World-first test of mobile phone radiation begins

An Australian hospital has started what it claims is the first study of the long-term effects of mobile phone use

Sydney's St Vincent's hospital has begun to test the long-term effects of mobile phone use in what it claims to be the first trial of its kind worldwide.

The hospital's Centre for Immunology will simulate mobile phone radiation and test its long-term, intermittent impact on human brain cells.

"This hasn't been done before," said Dr Peter French, who is involved in the research project. French pointed out that previous research has only tested short-term exposure to electromagnetic radiation through mobile phones on animals or cells.

The Centre is testing its hypothesis, published in June last year, that chronic long-term mobile phone use could lead to the activation of heat shock proteins and that the chronic stimulation of these proteins could cause cells to become cancerous.

"We honestly don't know what we'll find," French added. "The cells might become immune to long term intermittent exposure but we may find that the longer we go the worse the effects are on brain cells... clear evidence that is relevant to human health."

Although French concedes that that there is "no consistency" to previous research into the effects of mobile phone radiation, "the exposure chamber really does give us the accurate ability to simulate mobile phone radiatio," he said.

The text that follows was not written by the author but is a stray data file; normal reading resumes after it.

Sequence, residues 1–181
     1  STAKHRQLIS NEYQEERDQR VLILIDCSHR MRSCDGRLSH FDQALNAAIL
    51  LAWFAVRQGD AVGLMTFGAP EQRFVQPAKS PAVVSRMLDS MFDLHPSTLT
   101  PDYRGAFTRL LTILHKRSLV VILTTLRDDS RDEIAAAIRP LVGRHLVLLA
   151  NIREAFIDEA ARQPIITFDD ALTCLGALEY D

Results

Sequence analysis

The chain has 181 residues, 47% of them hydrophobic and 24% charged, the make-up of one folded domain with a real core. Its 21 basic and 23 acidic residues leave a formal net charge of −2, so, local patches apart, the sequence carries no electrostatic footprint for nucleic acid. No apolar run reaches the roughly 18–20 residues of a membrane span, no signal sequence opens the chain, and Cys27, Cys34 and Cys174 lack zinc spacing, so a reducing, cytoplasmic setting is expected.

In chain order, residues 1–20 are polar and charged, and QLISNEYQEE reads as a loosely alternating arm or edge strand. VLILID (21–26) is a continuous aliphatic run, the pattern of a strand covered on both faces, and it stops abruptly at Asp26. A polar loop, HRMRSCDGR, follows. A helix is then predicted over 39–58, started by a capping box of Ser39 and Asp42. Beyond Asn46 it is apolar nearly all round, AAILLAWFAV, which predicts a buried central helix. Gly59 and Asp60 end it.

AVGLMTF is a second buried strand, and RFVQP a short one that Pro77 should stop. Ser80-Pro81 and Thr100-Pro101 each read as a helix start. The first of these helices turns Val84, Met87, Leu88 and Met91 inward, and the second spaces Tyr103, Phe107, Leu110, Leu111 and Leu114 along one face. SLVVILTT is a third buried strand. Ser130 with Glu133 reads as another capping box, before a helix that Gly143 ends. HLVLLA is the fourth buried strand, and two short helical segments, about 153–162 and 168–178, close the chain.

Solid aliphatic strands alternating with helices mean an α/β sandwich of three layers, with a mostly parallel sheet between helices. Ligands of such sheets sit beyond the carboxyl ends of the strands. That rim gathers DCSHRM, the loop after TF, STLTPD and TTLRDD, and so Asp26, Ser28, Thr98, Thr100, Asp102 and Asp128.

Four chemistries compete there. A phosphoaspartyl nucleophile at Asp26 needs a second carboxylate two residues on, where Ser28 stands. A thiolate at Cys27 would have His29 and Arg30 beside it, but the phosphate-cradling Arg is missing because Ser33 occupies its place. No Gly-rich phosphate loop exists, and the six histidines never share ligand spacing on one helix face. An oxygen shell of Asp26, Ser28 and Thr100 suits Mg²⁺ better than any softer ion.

French also said that having its proposed "heat shock protein" theory at the centre of the research "gives us a very testable hypothesis."

Using an exposure chamber donated to the Centre by Telstra Research Laboratories, the brain cells will endure four exposures of one hour a day to radiation. The experimental stage of the trial will last three to six months, with the Centre hopeful of publishing the results by the end of 2002.

If it moves, we cover it. See ZDNet UK's Mobile Technology News Section for the latest news, reviews and price checks on mobile phones, PDAs, notebook computers and anything else you can take away.

Have your say instantly, and see what others have said. Click on the TalkBack button and go to the Telecoms forum.

Let the editors know what you think in the Mailroom. And read other letters.

Newsletters

You have been successfully signed up. To sign up for more newsletters or to manage your account, visit the Newsletter Subscription Center.
See All
See All